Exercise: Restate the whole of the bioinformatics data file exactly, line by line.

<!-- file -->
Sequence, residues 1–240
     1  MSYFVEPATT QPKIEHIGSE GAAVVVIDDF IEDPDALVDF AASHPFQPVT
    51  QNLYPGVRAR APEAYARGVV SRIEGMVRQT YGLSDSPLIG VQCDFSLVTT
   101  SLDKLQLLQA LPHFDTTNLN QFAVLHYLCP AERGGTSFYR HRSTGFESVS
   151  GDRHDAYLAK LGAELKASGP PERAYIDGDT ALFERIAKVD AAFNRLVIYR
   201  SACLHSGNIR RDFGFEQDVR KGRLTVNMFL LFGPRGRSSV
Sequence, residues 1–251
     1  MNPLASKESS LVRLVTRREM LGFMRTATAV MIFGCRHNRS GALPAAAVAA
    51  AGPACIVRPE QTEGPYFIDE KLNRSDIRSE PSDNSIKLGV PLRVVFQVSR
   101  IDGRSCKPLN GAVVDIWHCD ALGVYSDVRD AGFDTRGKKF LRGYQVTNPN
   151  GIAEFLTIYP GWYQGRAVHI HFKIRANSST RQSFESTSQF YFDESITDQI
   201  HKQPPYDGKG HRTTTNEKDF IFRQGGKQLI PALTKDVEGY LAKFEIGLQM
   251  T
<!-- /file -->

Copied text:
Sequence, residues 1–240
     1  MSYFVEPATT QPKIEHIGSE GAAVVVIDDF IEDPDALVDF AASHPFQPVT
    51  QNLYPGVRAR APEAYARGVV SRIEGMVRQT YGLSDSPLIG VQCDFSLVTT
   101  SLDKLQLLQA LPHFDTTNLN QFAVLHYLCP AERGGTSFYR HRSTGFESVS
   151  GDRHDAYLAK LGAELKASGP PERAYIDGDT ALFERIAKVD AAFNRLVIYR
   201  SACLHSGNIR RDFGFEQDVR KGRLTVNMFL LFGPRGRSSV
Sequence, residues 1–251
     1  MNPLASKESS LVRLVTRREM LGFMRTATAV MIFGCRHNRS GALPAAAVAA
    51  AGPACIVRPE QTEGPYFIDE KLNRSDIRSE PSDNSIKLGV PLRVVFQVSR
   101  IDGRSCKPLN GAVVDIWHCD ALGVYSDVRD AGFDTRGKKF LRGYQVTNPN
   151  GIAEFLTIYP GWYQGRAVHI HFKIRANSST RQSFESTSQF YFDESITDQI
   201  HKQPPYDGKG HRTTTNEKDF IFRQGGKQLI PALTKDVEGY LAKFEIGLQM
   251  T